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HVAC Systems


Whether building a new home or replacing the existing HVAC system(s) in your current home, we highly recommend that you install, wherever feasible, a geothemal HVAC system. With Federal, State, and local government tax incentives available to most everyone, a single zone geothermal HVAC system can actually be cheaper to install than any other conventional HVAC systems, especially as a replacement system in existing homes.

Geothermal technology for HVAC systems has been around for quite some time. How it works is very simple. No matter where you live, the ground, once you get below five feet, is a constant 52 to 57 degrees farenheit. A geothermal system utilizes that constant temperature of the earth to raise (for heating) and cool (for cooling) your home's environment much more efficently than any other available system. Contrary to popular belief, the wells that are drilled for geothermal HVAC sytems are what is referred to as a "closed loop" system. The well pipes are fully enclosed and filled with a water/anitfreeze mixture. They do not use a constant flow of "new water" in the HVAC process. The well pipes are actually encased in a special grout (bentonite) and simply use the ambient temperature of the ground to dissipate heat and cold.

Unlike all other HVAC systems, geothermal systems approach an efficiency of 400%. In simple terms, that means they only use one unit of energy to produce four units of heating or cooling. Even the best electric HVAC systems currently on the market can only produce 98% efficiency. In fact, the cooling capacity (rated as SEER by industry standards) approaches 30.0 for geothermal units. The best electric unit is nearer 16.0. For heating, a geothermal system efficiency (rated as COP by industry standards) is 5.1, as opposed to 2.5 for other systems.

A Note of Caution

Unfortunately, geothermal HVAC has become somewhat of a "buzz word" in the building and remodeling industries. When considering a geothermal HVAC system, make sure you buy "only the best". There are geothermal system on the market with SEER and COP ratings that are not much better than conventional units. For that reason, we only recommend Water Furnace's Envision Series systems. They are, by far, the industry leader in geothermal HVAC systems.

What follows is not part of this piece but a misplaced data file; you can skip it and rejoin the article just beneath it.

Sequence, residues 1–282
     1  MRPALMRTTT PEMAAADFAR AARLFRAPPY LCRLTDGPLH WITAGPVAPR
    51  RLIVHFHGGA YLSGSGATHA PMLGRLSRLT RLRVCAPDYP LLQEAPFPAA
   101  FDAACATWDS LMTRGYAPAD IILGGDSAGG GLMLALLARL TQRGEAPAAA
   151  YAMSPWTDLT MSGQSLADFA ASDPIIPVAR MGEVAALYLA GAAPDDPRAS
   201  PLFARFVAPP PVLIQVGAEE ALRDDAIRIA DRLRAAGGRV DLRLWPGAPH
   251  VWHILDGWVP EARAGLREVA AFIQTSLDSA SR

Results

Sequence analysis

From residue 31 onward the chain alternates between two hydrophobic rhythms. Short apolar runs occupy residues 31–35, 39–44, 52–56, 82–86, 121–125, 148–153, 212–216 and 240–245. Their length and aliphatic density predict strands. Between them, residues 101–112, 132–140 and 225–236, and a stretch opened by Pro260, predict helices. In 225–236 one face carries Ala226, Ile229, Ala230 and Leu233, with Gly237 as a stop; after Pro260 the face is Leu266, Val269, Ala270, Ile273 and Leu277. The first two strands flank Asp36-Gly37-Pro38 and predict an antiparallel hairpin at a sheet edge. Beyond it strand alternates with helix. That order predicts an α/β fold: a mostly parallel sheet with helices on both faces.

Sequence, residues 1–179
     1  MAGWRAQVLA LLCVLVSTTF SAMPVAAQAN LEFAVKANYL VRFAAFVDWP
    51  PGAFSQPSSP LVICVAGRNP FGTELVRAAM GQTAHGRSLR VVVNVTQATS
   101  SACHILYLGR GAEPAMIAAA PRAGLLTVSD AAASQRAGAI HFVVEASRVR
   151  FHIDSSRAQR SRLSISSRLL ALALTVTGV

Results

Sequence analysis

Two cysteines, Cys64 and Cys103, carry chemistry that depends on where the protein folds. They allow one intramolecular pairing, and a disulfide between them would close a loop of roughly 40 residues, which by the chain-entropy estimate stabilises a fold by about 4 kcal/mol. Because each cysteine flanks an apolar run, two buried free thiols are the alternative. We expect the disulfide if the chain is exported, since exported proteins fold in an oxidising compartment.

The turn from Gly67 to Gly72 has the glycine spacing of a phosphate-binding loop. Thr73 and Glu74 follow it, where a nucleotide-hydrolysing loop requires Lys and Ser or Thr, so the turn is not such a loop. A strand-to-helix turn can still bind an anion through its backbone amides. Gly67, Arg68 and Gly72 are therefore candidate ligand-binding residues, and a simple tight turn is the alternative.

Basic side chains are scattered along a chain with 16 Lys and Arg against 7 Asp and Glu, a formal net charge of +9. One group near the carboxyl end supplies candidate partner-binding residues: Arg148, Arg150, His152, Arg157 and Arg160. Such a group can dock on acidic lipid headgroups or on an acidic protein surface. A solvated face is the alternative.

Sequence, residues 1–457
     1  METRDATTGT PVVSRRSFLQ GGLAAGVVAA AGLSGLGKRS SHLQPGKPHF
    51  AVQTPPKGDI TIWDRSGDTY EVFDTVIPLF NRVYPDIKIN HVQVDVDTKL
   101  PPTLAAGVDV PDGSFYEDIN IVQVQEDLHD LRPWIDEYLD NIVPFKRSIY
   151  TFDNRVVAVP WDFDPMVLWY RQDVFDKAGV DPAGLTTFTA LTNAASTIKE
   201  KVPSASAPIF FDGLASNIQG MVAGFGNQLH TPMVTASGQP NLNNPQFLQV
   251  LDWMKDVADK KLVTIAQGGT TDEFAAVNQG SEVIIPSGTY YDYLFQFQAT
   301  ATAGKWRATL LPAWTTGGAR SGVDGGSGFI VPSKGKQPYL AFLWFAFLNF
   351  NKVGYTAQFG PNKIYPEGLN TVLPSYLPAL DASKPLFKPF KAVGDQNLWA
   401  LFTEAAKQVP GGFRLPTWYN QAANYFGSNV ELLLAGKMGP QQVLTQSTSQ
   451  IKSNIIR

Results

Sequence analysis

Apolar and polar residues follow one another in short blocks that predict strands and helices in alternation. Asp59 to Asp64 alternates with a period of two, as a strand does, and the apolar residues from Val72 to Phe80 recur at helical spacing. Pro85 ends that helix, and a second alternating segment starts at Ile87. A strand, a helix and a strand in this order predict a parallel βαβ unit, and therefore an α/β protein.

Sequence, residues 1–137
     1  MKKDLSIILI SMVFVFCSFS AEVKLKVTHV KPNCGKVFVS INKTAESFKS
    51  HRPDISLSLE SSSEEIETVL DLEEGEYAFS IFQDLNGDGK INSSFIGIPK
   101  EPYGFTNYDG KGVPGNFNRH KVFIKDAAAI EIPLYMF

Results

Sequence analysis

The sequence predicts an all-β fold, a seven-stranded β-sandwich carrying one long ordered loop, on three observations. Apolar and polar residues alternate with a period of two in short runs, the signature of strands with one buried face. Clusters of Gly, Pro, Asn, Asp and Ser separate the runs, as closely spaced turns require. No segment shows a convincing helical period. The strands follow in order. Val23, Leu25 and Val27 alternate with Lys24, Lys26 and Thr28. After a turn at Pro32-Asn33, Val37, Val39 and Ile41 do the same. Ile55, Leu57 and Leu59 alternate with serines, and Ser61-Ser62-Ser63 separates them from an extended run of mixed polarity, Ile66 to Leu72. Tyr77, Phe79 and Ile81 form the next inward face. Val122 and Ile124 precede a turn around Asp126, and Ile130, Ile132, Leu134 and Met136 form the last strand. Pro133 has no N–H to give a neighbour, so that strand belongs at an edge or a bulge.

One More Important Note

A geothermal HVAC system is a type of heat pump. Think of it as a "water based" heat pump as opposed to an electric air-to-air based heat pump. As such, it is usually installed with an electric backup, in case the geothermal system fails for some reason (very rarely). If you are replacing an old system with geothermal in an existing home, it is often possible to use your existing HVAC unit as the "backup" to your new geothermal system. This configuration, if feasible, can save you a substantial amount of money on your new system. Remember, a new geothermal HVAC system that is properly sized, installed, and maintained, should rarely, if ever, see the backup system kick on.


If a geothermal HVAC system is either not feasible for your location, or not within your budget, we recommend a high efficiency electric air-to-air heat pump system, except in the coldest of climates. As mentioned above, the SEER rating should be 15 (or higher), and the COP rating should be at least 2.5. There are many brands and models to choose from. A licensed and experienced HVAC contractor should be able to help you with your options.

Natural Gas, Oil, and Propane

These systems can be very "energy price volitle", especially the oil burner systems. If you must choose one of these options, again, choose the highest COP rating possible. Our recommendation would be to go with natural gas first, then propane (less efficient than natural gas), and finally oil (the most price volitle).

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